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Vietnam’s garment industry boasts lowest minimum wage non-compliance in Asia

19/09/2016

Vietnam’s garment industry’s minimum wage non-compliance is the lowest among seven garment-exporting countries in Asia, a new report by International Labor Organization (ILO) has shown.

The ILO, a tripartite United Nations agency founded in 1919, works to bring together UN member states to ‘set labor standards, develop policies and devise programs promoting decent work for all women and men’.

The fifth issue of a research note on ‘Asia-Pacific Garment and Footwear Sector’ published by the organization in August addressing the problem of weak minimum wage compliance in Asia’s garment industry noted Vietnam as having the highest compliance rate of seven garment-exporting countries in Asia.

According to the report, minimum wages set the minimum amount of remuneration that an employer can legally pay a worker, the fundamental purpose of which is to protect wage earners from unduly low pay.

At 6.6 percent, Vietnam’s minimum wage non-compliance rate is the lowest among seven Asian garment-exporting countries, below the Philippines, India, Indonesia, Thailand, Pakistan, and Cambodia, in that order.

This means that for every 100 wage employees in the sector, 6.6 earn less than the country’s minimum wage.

This rate is far better than the next lowest country on the list, Cambodia, at 25.6 percent, and almost nine times lower than the worst offender on the chart, the Philippines, at 53.3 percent.

While minimum wage compliance is weak throughout Asia’s garment industries, the depth of non-compliance varies among countries.

Vietnam also stands out in this dimension, with the country’s rate of extreme non-compliance, a situation in which garment workers are paid less than four fifths of the minimum wage, at 3.8 percent.

Only a further 2.8 percent of garment workers in Vietnam are subject to moderate minimum wage non-compliance, where workers are paid from 80 to less than 100 percent of the minimum wage.

By contrast, the Philippines, India, Thailand, Pakistan, and Indonesia each has approximately 25 to over 38 percent of their garment sector workers being paid far below the minimum wage.

“The depth of non-compliance is an important dimension because a worker being paid 99 per cent of the minimum is in a very different situation to one receiving only half of the minimum,” Matthew Cowgill, ILO chief technical adviser on labor standards in the global supply chain and the lead author of the report, was quoted by ILO News on Wednesday as saying.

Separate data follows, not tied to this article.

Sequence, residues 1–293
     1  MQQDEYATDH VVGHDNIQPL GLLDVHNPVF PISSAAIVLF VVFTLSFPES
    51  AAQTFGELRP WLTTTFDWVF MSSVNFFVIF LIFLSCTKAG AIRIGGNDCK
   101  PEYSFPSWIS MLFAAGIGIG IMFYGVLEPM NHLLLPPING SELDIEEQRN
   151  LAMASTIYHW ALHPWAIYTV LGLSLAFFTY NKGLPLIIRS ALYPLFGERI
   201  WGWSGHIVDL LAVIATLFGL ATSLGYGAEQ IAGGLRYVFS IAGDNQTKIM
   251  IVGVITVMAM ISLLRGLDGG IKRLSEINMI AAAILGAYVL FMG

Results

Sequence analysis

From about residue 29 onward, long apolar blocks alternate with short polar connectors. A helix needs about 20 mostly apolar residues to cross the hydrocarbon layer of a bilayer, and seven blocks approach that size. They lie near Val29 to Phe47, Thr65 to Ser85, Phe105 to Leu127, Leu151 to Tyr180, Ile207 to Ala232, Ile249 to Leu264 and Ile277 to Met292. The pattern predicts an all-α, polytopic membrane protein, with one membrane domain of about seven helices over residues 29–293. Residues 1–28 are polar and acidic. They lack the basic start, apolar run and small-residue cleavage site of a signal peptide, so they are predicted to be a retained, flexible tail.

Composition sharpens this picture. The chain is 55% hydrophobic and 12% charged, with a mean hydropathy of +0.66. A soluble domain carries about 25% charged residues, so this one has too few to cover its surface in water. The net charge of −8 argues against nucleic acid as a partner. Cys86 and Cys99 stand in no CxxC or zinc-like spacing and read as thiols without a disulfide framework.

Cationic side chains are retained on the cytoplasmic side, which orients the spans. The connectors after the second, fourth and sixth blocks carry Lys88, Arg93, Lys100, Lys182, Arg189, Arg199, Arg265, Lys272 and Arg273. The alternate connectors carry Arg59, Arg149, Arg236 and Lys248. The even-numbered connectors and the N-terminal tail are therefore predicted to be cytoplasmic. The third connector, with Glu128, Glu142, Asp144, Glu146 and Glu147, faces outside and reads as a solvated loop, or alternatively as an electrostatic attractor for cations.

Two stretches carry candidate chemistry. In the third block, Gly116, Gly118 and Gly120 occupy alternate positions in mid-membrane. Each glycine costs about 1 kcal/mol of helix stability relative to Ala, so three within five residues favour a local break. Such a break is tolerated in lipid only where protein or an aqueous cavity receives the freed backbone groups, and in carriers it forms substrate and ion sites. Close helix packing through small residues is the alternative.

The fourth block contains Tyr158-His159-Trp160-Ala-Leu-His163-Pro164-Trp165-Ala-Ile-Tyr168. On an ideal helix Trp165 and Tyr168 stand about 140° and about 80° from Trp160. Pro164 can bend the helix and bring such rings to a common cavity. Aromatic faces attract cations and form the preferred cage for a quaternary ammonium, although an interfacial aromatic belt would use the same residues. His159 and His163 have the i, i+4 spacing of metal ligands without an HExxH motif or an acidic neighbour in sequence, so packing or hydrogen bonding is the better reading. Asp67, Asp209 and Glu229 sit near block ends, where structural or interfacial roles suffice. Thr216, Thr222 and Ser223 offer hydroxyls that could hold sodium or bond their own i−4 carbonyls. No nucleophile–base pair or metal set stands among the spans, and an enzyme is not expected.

In all countries included in the ILO report, women are more likely than men to be paid below the minimum wage in the garment sector.

Vietnam is also among the nations with smallest male-female non-compliance gaps, at 5.7 percentage points, putting it behind Cambodia and Indonesia.  The largest gap is found in Pakistan at 60.4 percentage points.

“Although Vietnam stands out above its neighbors, any level of non-compliance with the minimum wage is a concern and this issue should continue to be closely monitored,” Cowgill was quoted as saying.

“Of course, compliance with the minimum wage is not the only factor of interest. The level of minimum wages matters, too. Vietnam’s minimum wage is relatively low as a percentage of typical wages in the garment sector, when compared to other countries in the region,” the chief technical adviser continued.

Vietnam has four regional minimum wages currently ranging from VND2.4 million to 3.5 million (US$108 – 157).

Each year’s minimum wages are proposed by the National Wage Council, which is made up of representatives from the Government, employers’, and workers’ organizations.

While praising the compliance rate with the minimum wage in Vietnam’s growing garment, textile and footwear sector, ILO Vietnam Director Chang-Hee Lee warned that data interpretation should be done with caution.

Lee said new data is needed to see if the high compliance continued even with “significant” improvements on minimum wages in Vietnam since 2013, when the country’s data used in the research was taken.

Vietnam’s regional minimum wages increased by about 12-15 percent on a yearly basis between 2014 and 2016 and is expected to be raised 7.3 percent next year.

 

TUOI TRE NEWS

Updated : 09/15/2016 18:30 GMT + 7

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